2. Take mobile security seriously.
Do not allow employees to use whatever device they choose, with whatever programs they choose, and think these devices are secure as long as they have a password. Passwords do not constitute a security program. Use a vendor that can provide a mobile device software platform that will support the different devices their employees use, in a secure manner. Different platforms are available to control how data flows to and from the devices, the cloud or servers. A mobile device platform will also have security features such as encryption and remote locate, lock and wipe-ability. Don’t forget that removable media, such as thumb drives and CDs, also must be addressed in a mobile device program.
 
3. Integrate IT, human resources and legal professionals in the development of the mobile device program.
Every program will have aspects that draw from each of these disciplines.  An IT professional can address security software issues, but he or she probably would not consider whether certain practices might violate employment laws. Have a point person, who can be from any of these disciplines, coordinate the effort, but make sure to get input from each department.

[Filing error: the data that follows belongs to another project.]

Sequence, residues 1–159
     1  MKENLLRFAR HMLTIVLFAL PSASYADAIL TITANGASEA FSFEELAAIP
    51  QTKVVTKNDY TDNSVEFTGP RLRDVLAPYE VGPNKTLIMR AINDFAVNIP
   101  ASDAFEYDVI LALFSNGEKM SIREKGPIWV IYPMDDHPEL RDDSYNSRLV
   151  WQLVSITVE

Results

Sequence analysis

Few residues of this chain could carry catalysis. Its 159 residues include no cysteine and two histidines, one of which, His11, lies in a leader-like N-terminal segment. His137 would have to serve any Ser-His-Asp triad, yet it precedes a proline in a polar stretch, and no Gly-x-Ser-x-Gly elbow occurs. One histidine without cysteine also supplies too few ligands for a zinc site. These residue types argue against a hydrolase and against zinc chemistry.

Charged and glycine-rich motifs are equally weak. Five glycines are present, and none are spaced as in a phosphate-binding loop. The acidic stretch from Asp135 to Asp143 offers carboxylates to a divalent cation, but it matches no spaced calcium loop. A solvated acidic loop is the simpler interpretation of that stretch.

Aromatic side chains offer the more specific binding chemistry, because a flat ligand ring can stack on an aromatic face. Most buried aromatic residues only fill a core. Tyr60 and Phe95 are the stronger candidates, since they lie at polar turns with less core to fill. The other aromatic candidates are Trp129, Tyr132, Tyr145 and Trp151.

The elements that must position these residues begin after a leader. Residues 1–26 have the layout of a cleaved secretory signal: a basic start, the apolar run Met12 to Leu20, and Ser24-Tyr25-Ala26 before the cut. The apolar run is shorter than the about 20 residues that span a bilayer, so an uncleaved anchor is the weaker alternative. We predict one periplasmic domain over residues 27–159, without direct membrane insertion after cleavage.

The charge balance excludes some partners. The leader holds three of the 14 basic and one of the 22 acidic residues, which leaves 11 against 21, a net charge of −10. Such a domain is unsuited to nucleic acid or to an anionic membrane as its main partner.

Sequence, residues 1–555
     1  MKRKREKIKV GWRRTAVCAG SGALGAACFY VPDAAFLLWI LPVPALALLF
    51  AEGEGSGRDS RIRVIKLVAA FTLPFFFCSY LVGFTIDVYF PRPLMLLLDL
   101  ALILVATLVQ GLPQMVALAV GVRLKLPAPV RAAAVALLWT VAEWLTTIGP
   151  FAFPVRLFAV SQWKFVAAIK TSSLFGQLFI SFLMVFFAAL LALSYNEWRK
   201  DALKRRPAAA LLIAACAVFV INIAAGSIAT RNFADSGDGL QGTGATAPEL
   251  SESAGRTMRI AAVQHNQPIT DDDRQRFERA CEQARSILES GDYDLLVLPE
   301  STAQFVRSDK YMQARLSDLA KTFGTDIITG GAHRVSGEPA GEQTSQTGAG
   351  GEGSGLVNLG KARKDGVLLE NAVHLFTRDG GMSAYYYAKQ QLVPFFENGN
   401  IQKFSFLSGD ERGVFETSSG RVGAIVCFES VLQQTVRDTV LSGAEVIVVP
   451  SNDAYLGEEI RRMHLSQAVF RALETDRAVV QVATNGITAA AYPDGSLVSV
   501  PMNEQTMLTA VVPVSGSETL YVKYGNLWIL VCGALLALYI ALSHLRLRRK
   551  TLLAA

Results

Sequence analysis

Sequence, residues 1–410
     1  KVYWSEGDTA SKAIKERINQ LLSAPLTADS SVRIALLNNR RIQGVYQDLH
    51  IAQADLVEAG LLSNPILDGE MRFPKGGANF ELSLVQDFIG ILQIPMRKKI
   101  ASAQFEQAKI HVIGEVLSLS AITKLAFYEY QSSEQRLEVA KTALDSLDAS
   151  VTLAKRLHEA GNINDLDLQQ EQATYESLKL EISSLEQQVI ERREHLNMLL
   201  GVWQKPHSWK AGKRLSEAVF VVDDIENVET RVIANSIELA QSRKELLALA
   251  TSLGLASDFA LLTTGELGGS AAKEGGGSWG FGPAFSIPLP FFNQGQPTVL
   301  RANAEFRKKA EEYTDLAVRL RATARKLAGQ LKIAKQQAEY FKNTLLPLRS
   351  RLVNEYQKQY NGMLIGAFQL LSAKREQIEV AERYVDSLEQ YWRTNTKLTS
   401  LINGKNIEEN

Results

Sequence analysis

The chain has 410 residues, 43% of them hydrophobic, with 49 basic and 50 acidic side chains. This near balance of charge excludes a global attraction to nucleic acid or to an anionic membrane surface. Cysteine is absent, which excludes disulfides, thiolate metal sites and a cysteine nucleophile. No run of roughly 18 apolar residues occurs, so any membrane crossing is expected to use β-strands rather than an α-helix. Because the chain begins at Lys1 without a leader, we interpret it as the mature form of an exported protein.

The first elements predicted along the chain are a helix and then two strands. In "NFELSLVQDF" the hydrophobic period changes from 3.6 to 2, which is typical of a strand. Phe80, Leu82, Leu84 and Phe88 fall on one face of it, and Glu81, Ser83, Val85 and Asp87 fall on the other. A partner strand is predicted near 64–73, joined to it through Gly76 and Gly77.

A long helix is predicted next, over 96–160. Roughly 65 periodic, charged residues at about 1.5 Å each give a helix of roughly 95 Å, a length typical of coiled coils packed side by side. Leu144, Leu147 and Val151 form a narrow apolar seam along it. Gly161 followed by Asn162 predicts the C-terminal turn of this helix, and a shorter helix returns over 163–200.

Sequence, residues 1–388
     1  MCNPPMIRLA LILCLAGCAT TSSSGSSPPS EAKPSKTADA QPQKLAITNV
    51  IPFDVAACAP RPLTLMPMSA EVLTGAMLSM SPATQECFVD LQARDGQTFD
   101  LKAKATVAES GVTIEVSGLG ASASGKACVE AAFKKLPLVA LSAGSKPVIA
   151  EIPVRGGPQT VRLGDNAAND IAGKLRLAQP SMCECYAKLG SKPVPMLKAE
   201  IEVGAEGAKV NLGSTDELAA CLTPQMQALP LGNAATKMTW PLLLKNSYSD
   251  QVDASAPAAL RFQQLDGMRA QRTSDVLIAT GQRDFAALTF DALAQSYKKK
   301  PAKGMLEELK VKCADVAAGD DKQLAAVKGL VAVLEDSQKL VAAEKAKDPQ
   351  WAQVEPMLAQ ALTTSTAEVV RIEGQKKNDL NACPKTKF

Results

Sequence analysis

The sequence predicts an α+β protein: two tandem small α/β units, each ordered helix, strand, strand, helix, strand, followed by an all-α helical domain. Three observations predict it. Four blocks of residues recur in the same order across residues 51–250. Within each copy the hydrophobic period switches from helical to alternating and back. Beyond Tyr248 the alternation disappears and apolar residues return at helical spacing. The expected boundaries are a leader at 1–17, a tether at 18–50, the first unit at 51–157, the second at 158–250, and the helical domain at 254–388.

4. Decide how to address privacy concerns, especially if the company has a BYOD program. 
When employees use their mobile devices for business and personal matters, the line between the two can be blurred. More than one employer has gotten sued for invasion of privacy because they looked at an employee’s personal email while investigating a work-related issue.

5. Have an employee agreement that states all the terms and conditions of the mobile program. 
This will let the employees know how they can use their devices, and what is expected of them. Let the employee know if the company will be monitoring the Internet traffic or location of the device. Explain the legitimate expectations that employees can have, especially regarding privacy, when they use a mobile device for work. Adequate communication through an employee agreement is critical for avoiding problems later in the relationship.

6. Decide how to address post-employment issues.
How will the company handle security if an employee quits and refuses to return the device or the data that is contained on the device? Consider if the company will allow an employee to keep, or possibly purchase, a company-owned device that he or she has been using.